The sum of the firsts two terms of a geometric progression..?

• Feb 6th 2011, 12:34 PM
manexa
The sum of the firsts two terms of a geometric progression..?
I hope this is the right section. If not please move.

The sum of the firsts two terms of a geometric progression is six times the magnitude of the third term:

i.e. S2 = 6*T3

This is only possible for two values of the common ratio, r = 0.5 is one value.
Calculate the other value correct to three decimal places.

Any help with this would be appreciated. If you could give a step by step explanation on how its done it would be great.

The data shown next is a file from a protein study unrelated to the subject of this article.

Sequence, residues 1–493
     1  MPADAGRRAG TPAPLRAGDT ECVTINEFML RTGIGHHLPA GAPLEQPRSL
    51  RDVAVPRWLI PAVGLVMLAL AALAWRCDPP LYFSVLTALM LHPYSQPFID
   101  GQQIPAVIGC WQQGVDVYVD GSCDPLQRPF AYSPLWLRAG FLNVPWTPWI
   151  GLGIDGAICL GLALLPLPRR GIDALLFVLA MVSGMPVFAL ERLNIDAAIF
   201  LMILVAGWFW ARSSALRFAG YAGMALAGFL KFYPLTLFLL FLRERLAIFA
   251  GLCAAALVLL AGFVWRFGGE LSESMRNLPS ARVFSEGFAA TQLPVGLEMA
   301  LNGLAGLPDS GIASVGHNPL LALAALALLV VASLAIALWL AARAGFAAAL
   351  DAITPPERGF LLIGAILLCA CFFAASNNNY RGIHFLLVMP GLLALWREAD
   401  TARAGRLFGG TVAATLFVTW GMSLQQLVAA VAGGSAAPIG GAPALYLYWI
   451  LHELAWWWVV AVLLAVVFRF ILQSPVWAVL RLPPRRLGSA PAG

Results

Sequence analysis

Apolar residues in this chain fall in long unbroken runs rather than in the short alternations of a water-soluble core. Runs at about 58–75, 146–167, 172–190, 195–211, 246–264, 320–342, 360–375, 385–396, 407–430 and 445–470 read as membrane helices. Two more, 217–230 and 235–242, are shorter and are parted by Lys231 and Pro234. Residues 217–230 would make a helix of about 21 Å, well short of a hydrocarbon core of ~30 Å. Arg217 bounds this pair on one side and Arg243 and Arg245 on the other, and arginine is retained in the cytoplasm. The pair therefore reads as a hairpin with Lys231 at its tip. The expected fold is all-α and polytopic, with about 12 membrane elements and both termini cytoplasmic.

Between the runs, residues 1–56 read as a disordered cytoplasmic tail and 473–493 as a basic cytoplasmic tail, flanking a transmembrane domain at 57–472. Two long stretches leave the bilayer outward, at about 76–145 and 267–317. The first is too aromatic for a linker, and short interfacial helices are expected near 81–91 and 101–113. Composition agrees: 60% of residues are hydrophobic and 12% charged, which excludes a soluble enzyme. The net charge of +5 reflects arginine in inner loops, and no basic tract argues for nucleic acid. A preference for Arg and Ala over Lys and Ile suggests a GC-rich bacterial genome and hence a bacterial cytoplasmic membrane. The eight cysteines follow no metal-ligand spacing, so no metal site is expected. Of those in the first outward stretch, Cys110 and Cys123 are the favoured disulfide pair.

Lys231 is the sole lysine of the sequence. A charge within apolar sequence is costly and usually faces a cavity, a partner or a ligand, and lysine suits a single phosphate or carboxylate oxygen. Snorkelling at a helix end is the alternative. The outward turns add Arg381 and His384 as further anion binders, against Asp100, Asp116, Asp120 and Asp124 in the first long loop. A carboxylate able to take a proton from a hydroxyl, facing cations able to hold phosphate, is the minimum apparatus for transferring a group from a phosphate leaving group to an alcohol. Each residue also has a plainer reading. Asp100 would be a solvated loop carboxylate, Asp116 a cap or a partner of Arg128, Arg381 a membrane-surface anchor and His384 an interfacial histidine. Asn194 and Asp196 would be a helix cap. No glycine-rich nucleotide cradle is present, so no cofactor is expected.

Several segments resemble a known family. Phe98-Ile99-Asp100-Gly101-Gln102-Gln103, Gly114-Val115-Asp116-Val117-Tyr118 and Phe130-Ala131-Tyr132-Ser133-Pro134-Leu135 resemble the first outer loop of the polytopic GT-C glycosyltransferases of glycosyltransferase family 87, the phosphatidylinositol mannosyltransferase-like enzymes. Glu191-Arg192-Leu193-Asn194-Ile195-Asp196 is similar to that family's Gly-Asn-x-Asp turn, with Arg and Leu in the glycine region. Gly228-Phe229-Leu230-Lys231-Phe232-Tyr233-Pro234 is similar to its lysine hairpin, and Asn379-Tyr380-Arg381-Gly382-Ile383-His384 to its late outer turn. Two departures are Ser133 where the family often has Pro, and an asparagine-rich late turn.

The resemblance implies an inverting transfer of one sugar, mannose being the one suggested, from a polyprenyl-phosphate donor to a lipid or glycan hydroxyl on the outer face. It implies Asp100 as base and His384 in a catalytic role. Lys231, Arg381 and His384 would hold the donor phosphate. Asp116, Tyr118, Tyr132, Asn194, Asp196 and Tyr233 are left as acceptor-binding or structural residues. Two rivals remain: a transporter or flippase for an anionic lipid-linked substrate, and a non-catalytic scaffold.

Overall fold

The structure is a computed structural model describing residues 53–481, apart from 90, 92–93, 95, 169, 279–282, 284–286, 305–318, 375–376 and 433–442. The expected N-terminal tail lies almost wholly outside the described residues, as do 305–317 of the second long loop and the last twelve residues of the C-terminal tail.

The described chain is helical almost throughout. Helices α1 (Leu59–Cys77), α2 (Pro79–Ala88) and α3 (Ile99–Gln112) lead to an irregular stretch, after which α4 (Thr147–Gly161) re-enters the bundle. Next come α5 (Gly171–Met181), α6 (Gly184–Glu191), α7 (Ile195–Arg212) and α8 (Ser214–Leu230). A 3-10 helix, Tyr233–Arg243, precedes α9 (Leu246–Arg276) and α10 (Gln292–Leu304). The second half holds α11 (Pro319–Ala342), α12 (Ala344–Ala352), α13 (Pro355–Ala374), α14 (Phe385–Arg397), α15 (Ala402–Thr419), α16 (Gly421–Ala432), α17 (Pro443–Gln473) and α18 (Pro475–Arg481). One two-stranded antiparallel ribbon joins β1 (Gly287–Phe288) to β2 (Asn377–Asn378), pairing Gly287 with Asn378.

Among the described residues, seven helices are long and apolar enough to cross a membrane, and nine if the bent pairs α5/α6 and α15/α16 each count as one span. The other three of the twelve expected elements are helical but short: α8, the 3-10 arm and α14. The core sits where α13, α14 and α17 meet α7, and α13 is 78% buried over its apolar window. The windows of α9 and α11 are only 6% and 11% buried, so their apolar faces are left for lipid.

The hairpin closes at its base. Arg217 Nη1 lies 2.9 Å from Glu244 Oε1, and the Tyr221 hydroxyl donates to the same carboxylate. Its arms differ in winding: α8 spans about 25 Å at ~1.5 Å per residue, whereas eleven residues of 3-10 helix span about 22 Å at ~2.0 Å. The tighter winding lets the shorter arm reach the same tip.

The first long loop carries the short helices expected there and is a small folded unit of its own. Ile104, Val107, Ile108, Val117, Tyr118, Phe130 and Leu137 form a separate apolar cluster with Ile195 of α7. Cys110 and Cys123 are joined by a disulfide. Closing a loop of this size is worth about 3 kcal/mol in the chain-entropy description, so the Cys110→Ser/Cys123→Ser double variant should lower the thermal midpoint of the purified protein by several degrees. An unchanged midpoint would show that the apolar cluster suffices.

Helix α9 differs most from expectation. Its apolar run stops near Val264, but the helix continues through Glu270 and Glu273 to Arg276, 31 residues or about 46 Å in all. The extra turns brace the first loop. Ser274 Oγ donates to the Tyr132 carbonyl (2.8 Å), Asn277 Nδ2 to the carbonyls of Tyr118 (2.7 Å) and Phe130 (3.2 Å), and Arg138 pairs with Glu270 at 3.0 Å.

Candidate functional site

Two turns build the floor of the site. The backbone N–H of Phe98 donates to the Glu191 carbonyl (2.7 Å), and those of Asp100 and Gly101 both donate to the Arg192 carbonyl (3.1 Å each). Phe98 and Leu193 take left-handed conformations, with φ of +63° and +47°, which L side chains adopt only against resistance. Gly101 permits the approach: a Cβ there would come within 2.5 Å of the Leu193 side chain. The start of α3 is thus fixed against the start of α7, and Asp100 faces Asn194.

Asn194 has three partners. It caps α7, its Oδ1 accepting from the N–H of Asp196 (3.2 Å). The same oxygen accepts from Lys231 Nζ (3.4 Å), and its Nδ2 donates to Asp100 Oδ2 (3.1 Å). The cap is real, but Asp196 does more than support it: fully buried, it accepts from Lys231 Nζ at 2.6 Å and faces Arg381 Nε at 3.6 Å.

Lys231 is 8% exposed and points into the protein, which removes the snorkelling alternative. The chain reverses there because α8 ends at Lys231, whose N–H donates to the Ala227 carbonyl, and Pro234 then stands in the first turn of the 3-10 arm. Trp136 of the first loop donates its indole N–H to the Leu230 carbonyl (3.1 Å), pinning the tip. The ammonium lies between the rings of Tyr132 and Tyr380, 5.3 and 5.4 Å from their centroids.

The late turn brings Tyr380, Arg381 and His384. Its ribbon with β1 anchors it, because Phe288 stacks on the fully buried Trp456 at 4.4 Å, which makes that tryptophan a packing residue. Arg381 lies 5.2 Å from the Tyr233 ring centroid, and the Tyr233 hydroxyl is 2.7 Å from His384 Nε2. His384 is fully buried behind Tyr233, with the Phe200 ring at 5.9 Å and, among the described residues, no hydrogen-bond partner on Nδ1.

• Feb 6th 2011, 12:59 PM
$\displaystyle T_2=rT_1$

$\displaystyle T_3=r^2T_1$

$\displaystyle S_2=T_1+rT_1$

$\displaystyle 6r^2T_1=rT_1+T_1\Rightarrow\ T_1\left(6r^2-r-1)=0$

$\displaystyle 6r^2-r-1=0\Rightarrow\ (3r+1)(2r-1)=0$
• Feb 6th 2011, 06:49 PM
Wilmer
90 *(-1/3) -30 *(-1/3) 10
90 + (-30) = 60
10 * 6 = 60
• Feb 8th 2011, 02:28 PM
manexa
Oh I see that it is a quadratic equation. :)

I like to use the b+- formula.

Thanks for the help.